This influential woman got her first job working for NBC. After a few weeks there, Ramberg fell in love with journalism and decided that broadcast journalism was definitely the right path for her. Since then, she worked for CNN, became a regular on the “Today” show, and also writes for a number of magazines including “Entrepreneur.”
Throughout her career Ramberg has managed to use her passion and drive to create and assist small businesses. In an effort to make a greater impact on society, she teamed up with her brother, Ken Ramberg, to start the nonprofit GoodSearch.com, a site that raises money for non-profits by donating a penny for every search performed. The person searching can also designate the charity. Along with two sister sites – GoodShop.com and GoodDining.com – to date, these non-profits have raised over $9 million for charity and given her direct experience as an entrepreneur.
In 2012 Ramberg gained attention for her honest advice, not only as a broadcaster, but also as co-author of the book “It's Your Business: 183 Essential Tips that Will Transform Your Small Business.” She gained influence as more business organizations began to listen to and successfully use Ramberg's advice than ever before.
In “It's Your Business,” among the 183 tips that can transform a small business, are tips on managing employees effectively, understanding your brand and giving employees raises only after performance reviews have been finished. Tip number 109, for instance, may be one of the most important in a tough economy: “Never say no to a potential customer.” Her advice is straightforward and helps keep business owners from blurring the lines between their business and personal affairs.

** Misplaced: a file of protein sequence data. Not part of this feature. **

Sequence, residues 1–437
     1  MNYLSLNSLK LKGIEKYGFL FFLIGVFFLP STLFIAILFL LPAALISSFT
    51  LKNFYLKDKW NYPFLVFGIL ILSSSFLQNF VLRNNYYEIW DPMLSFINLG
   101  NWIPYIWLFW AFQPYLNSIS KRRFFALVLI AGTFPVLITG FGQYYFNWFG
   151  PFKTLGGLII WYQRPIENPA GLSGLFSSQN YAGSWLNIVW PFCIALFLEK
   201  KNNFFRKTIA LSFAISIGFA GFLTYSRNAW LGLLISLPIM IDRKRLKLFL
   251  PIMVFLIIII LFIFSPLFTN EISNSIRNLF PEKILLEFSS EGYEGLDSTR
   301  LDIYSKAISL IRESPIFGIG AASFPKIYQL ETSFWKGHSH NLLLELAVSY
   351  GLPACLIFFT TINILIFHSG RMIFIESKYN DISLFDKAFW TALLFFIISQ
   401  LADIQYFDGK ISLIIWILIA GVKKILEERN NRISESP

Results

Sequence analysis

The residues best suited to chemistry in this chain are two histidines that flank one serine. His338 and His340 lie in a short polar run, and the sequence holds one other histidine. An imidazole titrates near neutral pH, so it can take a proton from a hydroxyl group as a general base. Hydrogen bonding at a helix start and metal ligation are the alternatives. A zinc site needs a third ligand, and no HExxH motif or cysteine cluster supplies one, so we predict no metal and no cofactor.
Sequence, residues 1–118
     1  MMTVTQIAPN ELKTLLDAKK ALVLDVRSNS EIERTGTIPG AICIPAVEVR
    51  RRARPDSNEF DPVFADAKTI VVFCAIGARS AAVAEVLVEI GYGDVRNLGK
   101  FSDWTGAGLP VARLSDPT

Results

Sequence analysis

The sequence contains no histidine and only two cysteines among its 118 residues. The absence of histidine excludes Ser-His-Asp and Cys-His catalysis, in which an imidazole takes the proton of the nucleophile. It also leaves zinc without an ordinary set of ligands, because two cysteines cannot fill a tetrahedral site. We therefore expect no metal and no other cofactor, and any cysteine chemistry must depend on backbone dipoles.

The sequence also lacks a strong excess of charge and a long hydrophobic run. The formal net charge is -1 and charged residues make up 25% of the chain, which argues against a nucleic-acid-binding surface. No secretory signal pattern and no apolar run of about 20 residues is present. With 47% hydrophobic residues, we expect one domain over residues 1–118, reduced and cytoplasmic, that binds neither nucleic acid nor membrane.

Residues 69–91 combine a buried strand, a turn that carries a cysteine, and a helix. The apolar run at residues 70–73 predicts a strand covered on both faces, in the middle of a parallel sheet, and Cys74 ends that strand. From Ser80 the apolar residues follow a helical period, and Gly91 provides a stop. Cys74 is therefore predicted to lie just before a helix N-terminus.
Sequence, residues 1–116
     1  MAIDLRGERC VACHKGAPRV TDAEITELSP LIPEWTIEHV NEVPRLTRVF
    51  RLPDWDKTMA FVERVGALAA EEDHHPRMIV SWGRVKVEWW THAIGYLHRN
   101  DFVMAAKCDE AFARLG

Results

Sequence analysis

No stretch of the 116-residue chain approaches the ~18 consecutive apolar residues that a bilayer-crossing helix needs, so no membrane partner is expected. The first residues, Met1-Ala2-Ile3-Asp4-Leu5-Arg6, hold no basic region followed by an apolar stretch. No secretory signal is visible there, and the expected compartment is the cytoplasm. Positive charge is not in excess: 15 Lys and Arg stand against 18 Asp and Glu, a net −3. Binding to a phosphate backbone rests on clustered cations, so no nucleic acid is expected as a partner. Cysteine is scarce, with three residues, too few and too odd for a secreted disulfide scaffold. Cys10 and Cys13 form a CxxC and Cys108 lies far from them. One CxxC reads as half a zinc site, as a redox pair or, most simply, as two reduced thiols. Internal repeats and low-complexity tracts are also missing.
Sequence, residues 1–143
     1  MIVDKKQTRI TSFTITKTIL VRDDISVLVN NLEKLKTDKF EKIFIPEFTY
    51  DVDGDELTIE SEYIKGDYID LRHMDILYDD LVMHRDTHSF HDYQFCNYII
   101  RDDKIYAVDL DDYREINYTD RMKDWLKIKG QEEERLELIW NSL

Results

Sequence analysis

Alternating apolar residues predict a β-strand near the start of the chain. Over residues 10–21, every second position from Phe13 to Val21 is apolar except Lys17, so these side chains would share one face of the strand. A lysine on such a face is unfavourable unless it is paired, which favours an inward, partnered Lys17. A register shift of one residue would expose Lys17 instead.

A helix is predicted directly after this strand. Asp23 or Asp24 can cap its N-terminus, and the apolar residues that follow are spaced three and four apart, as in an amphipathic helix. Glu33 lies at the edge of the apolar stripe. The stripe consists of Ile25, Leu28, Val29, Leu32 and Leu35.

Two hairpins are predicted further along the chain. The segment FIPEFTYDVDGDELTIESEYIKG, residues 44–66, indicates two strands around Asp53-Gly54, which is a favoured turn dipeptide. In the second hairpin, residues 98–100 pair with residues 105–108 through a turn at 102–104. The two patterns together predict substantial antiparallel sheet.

Ramberg's quick thinking and sharp advice has led to the success of her MSNBC show. “I've always been interested in hearing people’s stories and in the power of storytelling to effect change,” Ramberg said. Among the stories that inspire her most is one from Kim Jensen, owner of “Kim's Light Bagels.” Jensen – who had very little business experience – took $16,000 in savings and started a company making low-fat bagels. “Kim is an amazing woman. I left our interview completely inspired and feeling like anything’s possible if you put your mind to it,” Ramberg said. “I think that Kim had an unwavering belief that there was a market for her product and a 'don’t take no for an answer' kind of attitude. Her ability to hear 'not now' when people told her 'no' was what kept her going in the beginning.” Interviews featuring such entrepreneurs help Ramberg inspire other small business owners.
In 2012, America witnessed one of the most closely followed elections in history. Although Ramberg isn't making a lot of predictions about the long-term impact of Obama's re-election on small business, she does think 2013 might turn out to be a good year. “I think there is potential for (2013) to be a great year. Small businesses still face a lot of challenges, namely slow economic growth, but optimism is definitely higher than it was a few years ago,” she said. “As far as starting up a business – good ideas that are well executed do well during any kind of economy.”
Ramberg will continue her own small business crusade in 2013. “During the campaign, both President Obama and Governor Romney repeatedly spoke about and to small business owners, underscoring their importance to the economy,” she said. “My goal is to continue with the work I’m doing now and expand our reach.”
So far, she’s reached over one million kids. In a Chicago elementary school, a young boy was asked
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